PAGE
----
NOAA Fisheries Analyzes Data on Incidental Catch of Killer Whales

Killer whale pods
Photo courtesy NOAA.

NOAA Fisheries officials are analyzing data regarding 10 killer whales caught incidentally in the nets of Bering Sea and Aleutian Island groundfish trawl fisheries that were required to carry two agency observers.

Only one of the whales was released alive.

Regarding the other incidents, NOAA Fisheries officials said they are attempting to determine the cause of injury or death, and which stocks these whales belonged based on a review of genetic information.

The agency said its findings would be made public once all analyses are completed.

NOAA Fisheries is also reviewing information regarding a killer whale incidentally caught during the Alaska Fisheries Science Center’s recent longline survey for sablefish and groundfish.

On June 7, a dead orca was observed entangled in gear on the Central Bering Sea slope. The incident was reported and was under review in accordance with required reporting procedures. The center has an incidental-take authorization under the Marine Mammal Protection Act and biological opinion under the Endangered Species Act.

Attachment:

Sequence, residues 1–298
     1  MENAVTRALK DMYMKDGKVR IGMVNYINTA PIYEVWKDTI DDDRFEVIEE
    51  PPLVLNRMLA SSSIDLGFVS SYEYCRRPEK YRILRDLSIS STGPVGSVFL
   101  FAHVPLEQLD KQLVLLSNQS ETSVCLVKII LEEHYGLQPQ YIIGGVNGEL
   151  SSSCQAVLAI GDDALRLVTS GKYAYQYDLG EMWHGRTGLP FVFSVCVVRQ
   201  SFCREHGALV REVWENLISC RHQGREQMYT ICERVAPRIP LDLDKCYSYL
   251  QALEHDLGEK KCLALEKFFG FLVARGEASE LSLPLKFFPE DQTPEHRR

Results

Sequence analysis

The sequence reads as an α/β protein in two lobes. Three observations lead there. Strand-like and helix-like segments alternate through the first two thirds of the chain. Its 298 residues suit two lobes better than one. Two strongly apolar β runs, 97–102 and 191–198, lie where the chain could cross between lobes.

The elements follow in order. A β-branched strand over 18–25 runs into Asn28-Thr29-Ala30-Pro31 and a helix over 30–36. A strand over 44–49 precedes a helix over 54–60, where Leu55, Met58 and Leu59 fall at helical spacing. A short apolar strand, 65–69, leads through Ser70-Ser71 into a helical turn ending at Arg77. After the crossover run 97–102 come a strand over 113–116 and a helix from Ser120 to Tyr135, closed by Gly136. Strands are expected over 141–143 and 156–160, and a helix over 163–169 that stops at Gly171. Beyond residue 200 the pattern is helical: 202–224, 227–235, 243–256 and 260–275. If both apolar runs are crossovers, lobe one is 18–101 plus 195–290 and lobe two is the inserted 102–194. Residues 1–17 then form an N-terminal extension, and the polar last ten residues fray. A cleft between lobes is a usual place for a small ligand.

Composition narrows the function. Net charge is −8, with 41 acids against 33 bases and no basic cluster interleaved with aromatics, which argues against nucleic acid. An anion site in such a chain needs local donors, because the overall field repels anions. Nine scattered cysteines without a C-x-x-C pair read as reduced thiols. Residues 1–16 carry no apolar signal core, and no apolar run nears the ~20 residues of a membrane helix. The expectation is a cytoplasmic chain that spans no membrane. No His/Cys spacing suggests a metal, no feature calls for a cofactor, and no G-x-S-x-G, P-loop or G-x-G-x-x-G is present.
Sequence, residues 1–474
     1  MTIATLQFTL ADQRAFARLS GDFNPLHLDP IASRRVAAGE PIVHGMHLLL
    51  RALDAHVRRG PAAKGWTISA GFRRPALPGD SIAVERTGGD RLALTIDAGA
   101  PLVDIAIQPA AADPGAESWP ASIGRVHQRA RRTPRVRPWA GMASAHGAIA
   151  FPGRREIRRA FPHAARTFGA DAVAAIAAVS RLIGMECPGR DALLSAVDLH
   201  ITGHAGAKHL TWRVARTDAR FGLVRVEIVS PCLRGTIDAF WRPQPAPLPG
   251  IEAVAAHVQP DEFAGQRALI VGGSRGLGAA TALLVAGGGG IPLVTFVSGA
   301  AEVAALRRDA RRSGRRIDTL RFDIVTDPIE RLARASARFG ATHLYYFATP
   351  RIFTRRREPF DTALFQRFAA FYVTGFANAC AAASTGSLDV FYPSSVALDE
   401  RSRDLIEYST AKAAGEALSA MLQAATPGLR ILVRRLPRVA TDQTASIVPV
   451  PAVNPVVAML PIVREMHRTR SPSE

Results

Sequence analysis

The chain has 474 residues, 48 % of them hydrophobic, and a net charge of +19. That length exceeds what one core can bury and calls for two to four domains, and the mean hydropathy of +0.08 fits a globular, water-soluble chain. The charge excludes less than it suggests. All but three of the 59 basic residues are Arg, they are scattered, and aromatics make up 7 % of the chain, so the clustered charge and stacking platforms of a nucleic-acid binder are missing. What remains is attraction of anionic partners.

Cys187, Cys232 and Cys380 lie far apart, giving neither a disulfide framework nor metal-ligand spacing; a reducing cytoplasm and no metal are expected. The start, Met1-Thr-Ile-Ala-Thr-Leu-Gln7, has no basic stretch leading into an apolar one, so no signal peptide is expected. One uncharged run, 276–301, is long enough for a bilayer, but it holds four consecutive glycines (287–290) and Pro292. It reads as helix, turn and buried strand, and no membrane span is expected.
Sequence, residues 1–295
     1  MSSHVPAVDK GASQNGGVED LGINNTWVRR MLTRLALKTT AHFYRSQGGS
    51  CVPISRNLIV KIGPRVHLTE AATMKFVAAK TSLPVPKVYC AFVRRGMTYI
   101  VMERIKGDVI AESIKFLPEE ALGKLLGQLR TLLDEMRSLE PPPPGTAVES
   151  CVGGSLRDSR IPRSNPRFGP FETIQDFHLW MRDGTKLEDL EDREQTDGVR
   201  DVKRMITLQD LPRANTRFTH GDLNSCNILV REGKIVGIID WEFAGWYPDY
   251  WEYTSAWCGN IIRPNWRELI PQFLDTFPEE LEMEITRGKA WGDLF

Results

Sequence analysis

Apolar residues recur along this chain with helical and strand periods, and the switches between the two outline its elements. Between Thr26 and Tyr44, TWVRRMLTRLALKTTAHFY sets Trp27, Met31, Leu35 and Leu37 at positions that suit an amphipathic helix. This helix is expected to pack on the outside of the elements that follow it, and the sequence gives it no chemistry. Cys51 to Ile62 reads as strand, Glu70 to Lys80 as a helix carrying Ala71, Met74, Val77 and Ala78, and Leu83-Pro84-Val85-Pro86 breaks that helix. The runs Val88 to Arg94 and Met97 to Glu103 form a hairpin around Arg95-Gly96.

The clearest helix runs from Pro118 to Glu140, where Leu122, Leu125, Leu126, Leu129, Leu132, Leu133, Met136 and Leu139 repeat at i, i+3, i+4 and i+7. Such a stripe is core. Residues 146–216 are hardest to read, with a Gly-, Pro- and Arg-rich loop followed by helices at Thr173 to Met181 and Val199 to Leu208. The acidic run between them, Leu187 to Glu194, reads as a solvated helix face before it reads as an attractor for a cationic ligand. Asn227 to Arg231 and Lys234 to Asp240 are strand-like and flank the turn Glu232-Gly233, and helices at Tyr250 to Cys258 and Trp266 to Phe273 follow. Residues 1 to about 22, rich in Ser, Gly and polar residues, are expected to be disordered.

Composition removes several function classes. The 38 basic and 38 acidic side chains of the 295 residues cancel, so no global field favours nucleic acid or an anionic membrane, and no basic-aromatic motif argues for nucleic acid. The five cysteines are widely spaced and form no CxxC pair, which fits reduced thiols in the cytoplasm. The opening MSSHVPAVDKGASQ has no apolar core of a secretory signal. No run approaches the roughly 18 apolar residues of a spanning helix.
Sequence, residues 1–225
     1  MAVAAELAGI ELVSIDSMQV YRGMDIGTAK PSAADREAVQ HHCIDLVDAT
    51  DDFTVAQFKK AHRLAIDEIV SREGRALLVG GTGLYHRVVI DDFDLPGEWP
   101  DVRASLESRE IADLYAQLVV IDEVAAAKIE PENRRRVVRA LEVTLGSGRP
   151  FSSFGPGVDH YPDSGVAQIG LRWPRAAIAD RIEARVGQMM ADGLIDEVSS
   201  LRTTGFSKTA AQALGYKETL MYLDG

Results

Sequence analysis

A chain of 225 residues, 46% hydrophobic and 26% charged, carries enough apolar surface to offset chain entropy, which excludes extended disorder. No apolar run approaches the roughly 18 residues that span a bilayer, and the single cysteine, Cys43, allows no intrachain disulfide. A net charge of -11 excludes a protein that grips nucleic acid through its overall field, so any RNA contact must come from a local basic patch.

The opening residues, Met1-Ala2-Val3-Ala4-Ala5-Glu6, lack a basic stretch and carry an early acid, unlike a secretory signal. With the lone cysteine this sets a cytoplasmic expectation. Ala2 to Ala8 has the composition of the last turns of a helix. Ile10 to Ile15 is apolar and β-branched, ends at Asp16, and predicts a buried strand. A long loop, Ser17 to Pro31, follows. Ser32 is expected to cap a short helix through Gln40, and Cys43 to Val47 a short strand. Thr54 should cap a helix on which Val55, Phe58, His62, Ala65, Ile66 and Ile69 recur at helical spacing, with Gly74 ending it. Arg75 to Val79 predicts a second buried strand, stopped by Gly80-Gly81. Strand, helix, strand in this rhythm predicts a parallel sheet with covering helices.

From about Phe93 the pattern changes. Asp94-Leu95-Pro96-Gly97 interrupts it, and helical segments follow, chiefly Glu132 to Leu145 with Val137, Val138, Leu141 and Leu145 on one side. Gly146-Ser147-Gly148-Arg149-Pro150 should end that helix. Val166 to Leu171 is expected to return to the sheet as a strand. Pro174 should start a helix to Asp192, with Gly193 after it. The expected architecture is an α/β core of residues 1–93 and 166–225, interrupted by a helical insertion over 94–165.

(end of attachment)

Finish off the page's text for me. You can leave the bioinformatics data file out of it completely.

The International Whaling Commission (IWC) has identified bycatch as a global conservation and fisheries management issue and the single most direct threat to cetaceans. Globally, it is estimated that at least 300,000 cetaceans are caught and killed as bycatch annually, the IWC said. 

Cetaceans can become entangled or wrapped in various types of fishing gear, including nets, ropes and lines. Smaller species often die immediately as they are unable to reach the surface to breathe. The large size of some cetacean species means entanglement may not kill them immediately, but instead can become a serious welfare issue as they tow heavy ropes, buoys and nets for weeks, months or years before dying.

“Killer whales are highly complex and intelligent animals that play a critical role in ecosystem health and diversity,” said Megan Williams, a fisheries scientist with the Ocean Conservancy, a science-based conservation nonprofit. “Recent whale mortalities in Alaska’s industrial trawl fisheries are tragic events that spotlight the urgent need for better bycatch and ecosystem management in the North Pacific.”

Killer whales are protected under the Marine Mammal Protection Act, which requires vessel owners and operators to report to NOAA Fisheries any incidental mortalities and injuries of marine mammals occurring in the course of commercial fisheries and survey operations.

Monitoring and evaluation of bycatch of protected species in commercial fishing gear is done by NOAA Fisheries through an analysis required under the protection act, to determine whether the animals caught in the nets were dead before being caught or were killed or seriously injured by fishing gear.